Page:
Another document highlighted in the brief, the declassified January 11, 2021, United States Postal Inspection Service, Situational Awareness Bulletin – Intelligence Summary: United States Capitol Riot Data Archives, which was released thanks to a Freedom of Information Act (FOIA) request by Property of the People, details how law enforcement relied on members of the public who archived online material from Parler for intelligence.  Read the rest of the documents in the National Security Archive’s Cyber Vault. 

Congressional Staffers Emailed DOJ RE January 6 Concerns

FOIA releases to Buzzfeed News show that “At least two congressional staffers from House and Senate committees reached out to the FBI and the Justice Department concerned about security at the Capitol ahead of the Jan. 6 riots.” Reporters Kadia Goba and Jason Leopold note that the FOIA releases underscore that the FBI was unprepared for the riot despite warnings and requests for help.  The releases, which came only after Buzzfeed News filed a FOIA lawsuit, show that: 

  • The House Intelligence Committee requested a threat assessment and clarification on coordination between the FBI and the Department of Defense on January 5, 2021, citing growing concern about the transition; in response the Committee received “a brief and non-substantive reply from the FBI that did not provide any information about potential threats on January 6.”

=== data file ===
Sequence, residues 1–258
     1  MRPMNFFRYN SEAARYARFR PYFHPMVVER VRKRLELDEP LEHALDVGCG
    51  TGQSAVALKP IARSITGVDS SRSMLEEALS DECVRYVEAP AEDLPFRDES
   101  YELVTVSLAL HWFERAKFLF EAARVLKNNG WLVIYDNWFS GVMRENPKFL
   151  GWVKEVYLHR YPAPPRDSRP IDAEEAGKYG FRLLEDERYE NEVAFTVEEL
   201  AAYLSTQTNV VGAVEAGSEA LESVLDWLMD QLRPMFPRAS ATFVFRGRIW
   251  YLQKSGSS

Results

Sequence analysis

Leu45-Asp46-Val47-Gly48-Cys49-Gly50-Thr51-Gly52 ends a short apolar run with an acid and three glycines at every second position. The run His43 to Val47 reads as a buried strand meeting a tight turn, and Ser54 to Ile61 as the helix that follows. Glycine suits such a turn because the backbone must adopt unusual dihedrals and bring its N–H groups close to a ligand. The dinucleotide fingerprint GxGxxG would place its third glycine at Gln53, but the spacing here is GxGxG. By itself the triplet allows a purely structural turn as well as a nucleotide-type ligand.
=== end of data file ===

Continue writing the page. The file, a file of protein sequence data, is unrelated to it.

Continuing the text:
• A Democratic staffer on the Senate Appropriations Committee sent several emails between January 4 and January 7 to both the Department of Justice and the FBI inquiring about additional law enforcement presence at the Capitol for January 6.
  • Other notable releases include a redacted Department of Justice “copy of then–acting deputy attorney general Richard Donoghue’s handwritten notes from a Jan. 4, 2021, phone call he had with Michael Sherwin, the then–acting US attorney for the District of Columbia, that discusses crowd estimates and law enforcement plans. Donoghue’s notes say: ‘no need for additional resources now,’” and intelligence memos prepared by the Department of Homeland Security and FBI that were sent to local law enforcement on the anticipated threat posed by the “Stop the Steal” rally.